There’s Elmo the Elk (Savage Steve Holland), an elk who is extremely loyal to Eek...but also ends up being incredibly dumb as well. He often finds work in performing stunts, which seems to have affected his brain. After all, he does insist that June has thirty-one days. Or, maybe he just doesn’t like Canada Day? Who knows? He tries to act courageous, but then again, he never was praised for his acting ability. He would probably make Wade the Duck from U.S. Acres look like the Terminator by comparison.
And, then there’s Eek’s beloved girlfriend, Annabelle (voiced by both Tawny Kitaen and Karen Haber). Annabelle is a big, bold, beautiful cat with a heart as big as her entire body. As you have seen in the picture included with this blog, Annabelle is certainly no skinny pencil, and that suits Eek just fine. Eek doesn’t see Annabelle as being fat, and often seems shocked when other people comment on her size. All he sees is her, and he’s proud to say that he’s lucky to have more of her to love.
NOTE: You see, everyone? Not EVERYONE is so hung up on looks. When a person is in love, all they see is them. Not their flaws. Eek, you are totally my hero!
Ahem...moving right along...
Eek is a typical housecat where he lives with a single mother (Elinor Donahue), and her two children Wendy Elizabeth (E.G. Daily) and J.B. (Charlie Adler). In many ways, Eek is considered to be the sane member of the family, as the mother is too busy trying to listen to foreign language tapes, and the kids are mesmerized by “The Squishy Bearz Rainbow of Enchanted Fun Minute”.
TRIVIA: The Squishy Bearz were a spoof of the popular “Care Bears” show. Three of the bears, Kozy (E.G. Daily), Puffy, and Wuz Wuz (Cam Clarke) are happy and want to spread happiness and friendliness to all. The fourth bear, a French accented green bear named Pierre (Bill Kopp), is contrastingly bitter and angry at the world.
Eek has also made some enemies during his lifetime. The most obvious one is Sharky, who happens to be Annabelle’s guard...dog? Guard Shark? Whatever the case, Sharky hates Eek with a passion, and he goes well out of his way to make Eek’s life a misery. Consider their relationship to be similar to Garfield and Odie’s relationship on steroids.
Eek also has an enemy that is truly out of this world in the form of the evil alien Zoltar (Brad Garrett). Zoltar’s main concern is destroying the world with a giant laser beam. But in order to make that happen, he has to abduct Annabelle to use her large frame as a battery to power his laser. Of course, Eek being head over tail in love with Annabelle won’t let that happen.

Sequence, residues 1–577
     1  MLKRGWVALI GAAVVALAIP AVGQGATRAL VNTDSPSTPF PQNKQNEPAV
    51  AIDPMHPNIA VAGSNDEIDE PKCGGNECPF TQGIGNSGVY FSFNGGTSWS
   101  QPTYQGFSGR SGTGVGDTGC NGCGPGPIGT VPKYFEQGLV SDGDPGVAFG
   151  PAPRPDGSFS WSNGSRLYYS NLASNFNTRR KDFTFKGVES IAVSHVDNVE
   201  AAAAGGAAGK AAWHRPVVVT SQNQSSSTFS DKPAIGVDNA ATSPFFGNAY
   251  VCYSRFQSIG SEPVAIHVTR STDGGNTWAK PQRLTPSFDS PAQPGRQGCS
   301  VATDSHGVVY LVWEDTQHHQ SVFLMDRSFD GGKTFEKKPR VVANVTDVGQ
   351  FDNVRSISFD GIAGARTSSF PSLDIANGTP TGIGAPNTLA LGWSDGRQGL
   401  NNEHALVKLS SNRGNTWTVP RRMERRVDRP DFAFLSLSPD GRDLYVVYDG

There’s also a couple of characters who make sporadic appearances in the form of running gags. Piggy the Penguin resembles a certain character from “Lord of the Flies”, and in the example below, you can see that the psychotic character of Alice kind of resembles the character of Amanda Woodward from “Melrose Place”.
TRIVIA: Yes, that really is Heather Locklear voicing Alice. She was just one of several guest stars who appeared on the program. Others included William Shatner, David Duchovny, Weird Al Yankovic, Fabio, Kurtwood Smith, Tim Curry, John Landis, Jaid Barrymore, and the late Phil Hartman.
The first season of Eek! The Cat were full length episodes. By the second season premiere in 1993, the Eek segments were edited down to ten or eleven minutes in length. The rest of the time was allotted to a cartoon series called “The Terrible Thunderlizards”. As a result, the title sequence was changed slightly.
A third title change, “Eek-Stravaganza” was implemented in 1994, right around the time that a new segment called “Klutter” was added, which rotated with the Thunderlizards. This was the final change to the program, which lasted until the show aired its last episode in August 1997.
Eek! The Cat even had its own video game release for the Super Nintendo Entertainment System in 1994, which itself was a re-porting of a 1993 Amiga game. Have a look at a portion of the game play below. It was quite a fun game to play, though at times could be quite frustrating.
It’s therefore quite frustrating to know that Eek! The Cat doesn’t have a release on DVD or Blu-Ray yet. Maybe one day it will. Heck, I may end up buying it myself. I always loved the show.
And, after writing this blog, I hope those of you who remember the show loved it too. Hey, maybe I’ve even converted some new fans to the program. You never know.